A group of indigenous financial counsellors have been drafted into the fight against shonks and rip-off merchants in remote Aboriginal and Torres Strait Island communities.
The nine men and women will graduate as fully qualified counsellors in Cairns on Wednesday, having done an 18-month course through the Indigenous Consumer Assistance Network (ICAN).
ICAN chief executive Aaron Davis said the nine, who were already employed in the industry, would go straight to work in an effort to improve financial literacy in indigenous communities.
"We all know that if you have a lot of financial stress, it can have some severe health implications," Mr Davis told AAP.
"Skilling people up to provide advice and help to those residents has huge benefits."
Mr Davis said indigenous communities were particularly vulnerable to scammers.
"It's a huge problem because of the issues of education and a lack of understanding of contracts and terms and conditions," he said.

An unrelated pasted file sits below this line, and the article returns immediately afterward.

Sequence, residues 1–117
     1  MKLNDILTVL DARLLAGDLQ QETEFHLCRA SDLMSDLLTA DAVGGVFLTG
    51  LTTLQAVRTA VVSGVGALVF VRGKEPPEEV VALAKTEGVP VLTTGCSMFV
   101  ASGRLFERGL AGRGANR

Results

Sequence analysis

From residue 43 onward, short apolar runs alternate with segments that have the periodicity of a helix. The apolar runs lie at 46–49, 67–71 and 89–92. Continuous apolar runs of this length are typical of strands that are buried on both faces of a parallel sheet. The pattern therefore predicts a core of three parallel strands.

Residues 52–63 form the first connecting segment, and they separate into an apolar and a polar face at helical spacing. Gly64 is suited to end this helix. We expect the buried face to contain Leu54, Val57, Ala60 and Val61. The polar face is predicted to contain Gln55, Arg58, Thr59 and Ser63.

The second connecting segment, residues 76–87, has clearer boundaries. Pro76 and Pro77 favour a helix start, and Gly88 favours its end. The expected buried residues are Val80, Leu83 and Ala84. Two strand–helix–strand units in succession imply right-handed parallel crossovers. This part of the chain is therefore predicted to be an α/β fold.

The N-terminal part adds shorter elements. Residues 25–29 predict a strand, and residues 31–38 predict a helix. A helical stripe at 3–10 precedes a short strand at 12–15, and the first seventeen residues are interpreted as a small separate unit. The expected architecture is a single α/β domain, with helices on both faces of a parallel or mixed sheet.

"There are these door-to-door traders and telemarketers who pray on these communities, and there's been a real power imbalance between consumers and traders."
One of the graduates, Melanie Noble of Yarrabah - an indigenous community south of Cairns - said people often found it easier to deal with a familiar face.
"As a money management officer, we would have to take details and then pass it on to a counsellor," she said.
"But as financial counsellors, we can be the first point of contact and actually act on their behalf.
"We see firsthand the difficulties of going into communities when you're an outsider or not indigenous, but for us this isn't an issue. These are our people, we can communicate with them and they can approach us."